Qualitative and semi-quantitative methods have been developed for TMJ sound classification, but the criteria presented are completely inhomogeneous.7-12 Thus, to develop more objective criteria for defining TMJ sounds, electroacoustical systems have been developed.7-9, 11-15

We used Joint vibration analysis (JVA) in the BioPAK system (Bioresearch Inc., Milwaukee, USA) as the electrovibratography, and Jaw tracker (JT)-3 device in the BioPAK system (Bioresearch Inc., Milwaukee, USA). Using JT-3 deivce allowed the computer to estimate where a joint vibration occurs in the open/close cycle and let us distinguish tooth contact from joint sound precisely.

Ishigaki et al.17 reported a disc displacement with reduction generates a "click" in the lower frequencies (under 300 Hz) and a degenerative condition generates "crepitus" in the higher frequencies (over 300 Hz). In the previous study, we found that in an integral > 300 Hz /< 300 Hz ratio it is conceivable that the higher the integral > 300 Hz /< 300 Hz ratio number, a more advanced degenerative condition exists. Gallo et al.16 reported that TMJ clicking was subjectively and objectively stable over a period or 10 days. We found few studies about long term follow-up based on the frequency spectrum patterns associated with the integral > 300 Hz /< 300 Hz ratio. The aim of this study was to examine the TMJ sounds with repect to frequency spectra patterns and the integral > 300 Hz /< 300 Hz ratios via six-months follow-up.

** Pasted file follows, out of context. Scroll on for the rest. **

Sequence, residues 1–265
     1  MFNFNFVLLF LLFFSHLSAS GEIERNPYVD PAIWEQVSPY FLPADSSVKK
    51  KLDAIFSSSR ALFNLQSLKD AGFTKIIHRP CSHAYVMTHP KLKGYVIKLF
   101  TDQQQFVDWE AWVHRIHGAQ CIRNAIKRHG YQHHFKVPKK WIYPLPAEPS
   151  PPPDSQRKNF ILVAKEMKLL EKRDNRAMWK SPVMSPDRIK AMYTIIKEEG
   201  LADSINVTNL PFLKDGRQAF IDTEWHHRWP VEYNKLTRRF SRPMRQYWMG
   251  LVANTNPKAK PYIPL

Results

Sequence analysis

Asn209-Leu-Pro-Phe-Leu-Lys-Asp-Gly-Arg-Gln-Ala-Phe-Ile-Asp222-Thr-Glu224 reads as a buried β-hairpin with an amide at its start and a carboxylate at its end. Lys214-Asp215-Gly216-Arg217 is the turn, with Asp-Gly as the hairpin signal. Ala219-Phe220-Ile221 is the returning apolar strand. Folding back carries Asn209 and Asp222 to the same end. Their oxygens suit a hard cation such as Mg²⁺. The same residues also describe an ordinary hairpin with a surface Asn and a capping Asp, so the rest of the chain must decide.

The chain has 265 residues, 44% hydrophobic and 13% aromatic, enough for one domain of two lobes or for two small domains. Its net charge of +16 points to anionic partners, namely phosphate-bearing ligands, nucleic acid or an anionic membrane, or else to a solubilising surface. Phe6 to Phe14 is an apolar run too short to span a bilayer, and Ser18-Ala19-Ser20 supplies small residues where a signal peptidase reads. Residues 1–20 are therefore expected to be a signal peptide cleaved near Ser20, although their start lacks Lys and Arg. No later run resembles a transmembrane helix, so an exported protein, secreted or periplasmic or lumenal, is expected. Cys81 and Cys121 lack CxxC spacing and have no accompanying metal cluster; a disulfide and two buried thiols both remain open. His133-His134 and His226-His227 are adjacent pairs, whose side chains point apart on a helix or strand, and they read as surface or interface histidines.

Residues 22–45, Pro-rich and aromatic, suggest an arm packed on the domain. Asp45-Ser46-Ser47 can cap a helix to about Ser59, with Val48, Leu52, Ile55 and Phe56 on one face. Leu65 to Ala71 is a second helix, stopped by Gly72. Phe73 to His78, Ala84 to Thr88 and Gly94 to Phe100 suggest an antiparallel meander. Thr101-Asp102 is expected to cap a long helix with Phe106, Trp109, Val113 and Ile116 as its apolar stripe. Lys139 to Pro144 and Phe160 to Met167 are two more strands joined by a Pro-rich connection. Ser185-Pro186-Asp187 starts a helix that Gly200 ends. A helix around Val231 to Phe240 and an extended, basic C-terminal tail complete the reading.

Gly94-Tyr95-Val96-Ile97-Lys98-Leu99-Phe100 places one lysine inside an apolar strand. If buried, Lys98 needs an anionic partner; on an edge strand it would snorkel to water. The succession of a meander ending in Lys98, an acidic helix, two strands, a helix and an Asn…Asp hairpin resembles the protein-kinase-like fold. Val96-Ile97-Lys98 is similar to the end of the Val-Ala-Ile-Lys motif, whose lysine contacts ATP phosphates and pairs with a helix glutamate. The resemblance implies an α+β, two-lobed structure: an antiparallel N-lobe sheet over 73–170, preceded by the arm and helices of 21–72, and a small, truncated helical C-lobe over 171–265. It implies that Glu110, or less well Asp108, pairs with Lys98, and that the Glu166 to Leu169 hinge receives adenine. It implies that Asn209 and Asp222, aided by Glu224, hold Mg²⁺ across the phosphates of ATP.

MATERIAL AND METHODS

Twenty dental school students (18 males and 2 females: age range 25 - 34 years old; mean age = 22.4 years old) participated in the before (control group) and after (experimental group) the six-months joint sound recordings. Group I (8 males and 2 females) was composed of the subjects that showed anterior disk displacement with reduction. They were selected by means of clinical examinations. As inclusion criteria, all subjects had clicking in both TMJs upon mouth opening and/or closing and a normal range of jaw movement during opening and/or pain at palpation (any of the masseter, temporalis, pterygoid, digastric muscles) and jaw movement during chewing. Group II (10 males) was composed of subjects that showed a normal state of TMJ. They showed absence of TMJ noises, pain at palpation (any of the masseter, temporalis, pterygoid, digastric muscles) and jaw movement or chewing.